Sunday 8 December 2019

Film Review: 1917

British filmmaker Sam Mendes serves as both writer and director on 1917, an audacious war film that is a technical marvel with a hefty emotional wallop for good measure.

Set on the frontline of the Great War, 1917 follows two soldiers – Blake (Dean-Charles Chapman) and Schofield (George Mackay) – who are tasked with delivering an urgent message of withdrawal to an isolated British battalion about to charge headlong into a German trap.

If the two infantrymen fail to reach the commanding officer (Benedict Cumberbatch) in time, the battalion of 1600 men – with Blake's brother among them – with almost certainly face annihilation, and so begins a race against time as Blake and Schofield head out into no man's land and across unfriendly terrain against all odds.

Based on stories told to Mendes by his grandfather, who served in the Great War, the 'gimmick' (for want of a better word) is that 1917 is made to look like all one take (well, it's technically two), with the camera panning and dollying through each scene like a floaty ghost behind the two main characters. Sometimes it will swivel and dolly backwards, but often it's following Blake and Schofield as if we, the audience, are a third silent protagonist who is literally following in their footsteps.

In many ways, 1917 unfolds like a videogame, from the camera is positioned to the way each new area the characters visit – from muddy no man's land to a dusty mineshaft, a blossoming orchard, flowing fields, dilapidated farmhouse and winding trenches – arrives like the next 'level' in a game, with new terrain to traverse, new enemies to outfox and new 'cutscenes' – or periods of extended dialogue – where we learn something personal about the characters.

That might seem like a slight, but it's genuinely not – merely an observation about structure and staging. The ethereal nature of the camera, which slowly winds its way through each section, takes a bit of getting used to. The pan especially will take some time for your eyes to adjust to, as the focal point of a static shot simply isn't there – I found the opening ten minutes of the film, where Blake and Schofield are jolted awake and told to report to command, a little disorienting as my brain rewired itself to the movement of the camera.

That said, the technique is objectively seamlessly executed throughout. The seams are very tidy and hard to spot, and the sheer amount of attention to detail that has gone into the set design, staging and framing is impeccable. I don't even want to think about how long it took to map it all out and then shoot – it's so well done that I'm pretty sure magic was involved. A wizard must have helped. Plus, the visual effects are either very minimal or equally as hard to spot – the whole thing, aside from a couple of moments, feels like it could have genuinely been done in camera.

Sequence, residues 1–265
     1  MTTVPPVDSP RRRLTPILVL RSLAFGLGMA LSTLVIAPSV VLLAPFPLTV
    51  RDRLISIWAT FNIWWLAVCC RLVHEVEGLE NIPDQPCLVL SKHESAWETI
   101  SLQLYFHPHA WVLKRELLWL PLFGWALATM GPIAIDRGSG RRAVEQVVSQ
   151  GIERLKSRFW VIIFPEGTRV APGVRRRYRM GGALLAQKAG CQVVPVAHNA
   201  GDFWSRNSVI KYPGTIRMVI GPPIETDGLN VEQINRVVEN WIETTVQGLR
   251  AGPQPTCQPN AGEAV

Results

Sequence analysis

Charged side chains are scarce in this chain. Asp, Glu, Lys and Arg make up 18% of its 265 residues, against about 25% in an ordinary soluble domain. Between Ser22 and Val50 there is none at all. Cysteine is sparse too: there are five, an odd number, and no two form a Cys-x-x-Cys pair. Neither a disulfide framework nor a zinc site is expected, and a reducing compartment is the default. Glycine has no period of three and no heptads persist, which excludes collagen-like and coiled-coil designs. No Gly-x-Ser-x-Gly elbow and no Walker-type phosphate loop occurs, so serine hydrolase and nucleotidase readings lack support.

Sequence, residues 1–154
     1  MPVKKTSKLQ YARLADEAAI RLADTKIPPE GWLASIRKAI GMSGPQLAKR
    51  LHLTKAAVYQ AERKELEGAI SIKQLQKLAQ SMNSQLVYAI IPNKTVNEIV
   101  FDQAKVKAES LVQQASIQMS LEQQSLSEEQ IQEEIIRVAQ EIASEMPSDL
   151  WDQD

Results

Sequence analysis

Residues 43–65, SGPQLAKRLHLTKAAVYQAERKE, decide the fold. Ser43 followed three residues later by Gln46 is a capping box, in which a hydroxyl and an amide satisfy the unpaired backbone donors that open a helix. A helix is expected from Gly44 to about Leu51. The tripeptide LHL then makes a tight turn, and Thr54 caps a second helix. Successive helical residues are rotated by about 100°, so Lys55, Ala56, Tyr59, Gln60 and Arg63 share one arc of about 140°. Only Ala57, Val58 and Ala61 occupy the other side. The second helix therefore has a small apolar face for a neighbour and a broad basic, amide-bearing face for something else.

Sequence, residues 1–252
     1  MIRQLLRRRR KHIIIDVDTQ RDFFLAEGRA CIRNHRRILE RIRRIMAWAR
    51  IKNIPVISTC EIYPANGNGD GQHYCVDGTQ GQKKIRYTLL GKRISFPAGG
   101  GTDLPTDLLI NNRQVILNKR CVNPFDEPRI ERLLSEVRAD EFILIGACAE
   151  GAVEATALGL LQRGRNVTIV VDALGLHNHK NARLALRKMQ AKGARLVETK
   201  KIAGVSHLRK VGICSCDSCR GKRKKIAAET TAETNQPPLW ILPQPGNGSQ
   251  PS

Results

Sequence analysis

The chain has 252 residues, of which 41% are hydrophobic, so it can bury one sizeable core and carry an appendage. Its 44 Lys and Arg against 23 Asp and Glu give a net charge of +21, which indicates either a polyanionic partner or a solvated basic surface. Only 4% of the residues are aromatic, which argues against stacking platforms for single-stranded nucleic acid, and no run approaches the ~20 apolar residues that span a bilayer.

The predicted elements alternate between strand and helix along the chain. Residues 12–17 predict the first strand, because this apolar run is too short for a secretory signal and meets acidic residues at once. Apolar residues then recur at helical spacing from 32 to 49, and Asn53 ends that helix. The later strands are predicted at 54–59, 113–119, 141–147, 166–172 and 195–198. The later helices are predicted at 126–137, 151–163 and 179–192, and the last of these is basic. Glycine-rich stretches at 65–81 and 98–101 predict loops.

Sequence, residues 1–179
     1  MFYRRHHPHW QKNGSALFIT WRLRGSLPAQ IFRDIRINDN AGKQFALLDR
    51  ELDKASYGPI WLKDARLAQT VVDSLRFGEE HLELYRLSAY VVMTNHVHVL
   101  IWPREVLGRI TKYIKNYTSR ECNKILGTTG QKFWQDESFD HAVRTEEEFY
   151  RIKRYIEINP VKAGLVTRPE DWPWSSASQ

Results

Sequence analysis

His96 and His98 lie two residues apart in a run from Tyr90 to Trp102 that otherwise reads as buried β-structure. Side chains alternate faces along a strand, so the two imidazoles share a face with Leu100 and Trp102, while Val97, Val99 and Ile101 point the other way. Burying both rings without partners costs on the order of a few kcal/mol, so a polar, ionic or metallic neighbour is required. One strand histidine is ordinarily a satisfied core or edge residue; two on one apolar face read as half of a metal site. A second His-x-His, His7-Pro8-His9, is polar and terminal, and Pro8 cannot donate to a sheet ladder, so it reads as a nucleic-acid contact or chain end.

The way Mendes and cinematographer Roger Deakins play around with lighting and shadows, particularly during the sequence set in the thick of night, really puts the audience with their boots of the ground. There are moments of genuine terror and fright, as bullets crack through the air and jolt you like a cattle prod to the spine. There are moments of quiet contemplation and sadness, as well as moments of heart-pounding adrenaline and action.

Unlike the perfunctory solider characters in Christopher Nolan's Dunkirk, I feel like you really get to know Blake and Schofield during 1917. In terms of characterisation they're nothing outrageous – Schofield is quiet, terse and pragmatic, while Blake is wide-eyed, earnest and more idealistic.

Blake happily reads his letters from home aloud; Schofield in contrast couldn't care less about the medal he previously earned and doesn't speak much about the pleasures of home. Writing and performance marry well in 1917 to create two simple yet engrossing lead characters who are in thick of it, with the audience willing them to succeed.

The supporting roles are rounded out by a veritable who's who of British actors, including Benedict Cumberbatch, Colin Firth, Mark Strong, Richard Madden and Andrew Scott, with these last two delivering particularly memorable performances.

The Verdict: 9/10

For a potent mix of sustained tension, technical wizardry, sheer terror and raw human emotion, look no further than 1917. With the terrific trifecta of Mendes, Deakins and Newton, there's no question this film looks, feels and sounds incredible – but what you don't expect is for the film to forge such a strong connection with MacKay and Chapman.

1917 opens in cinemas across Australia on January 9 2020. 

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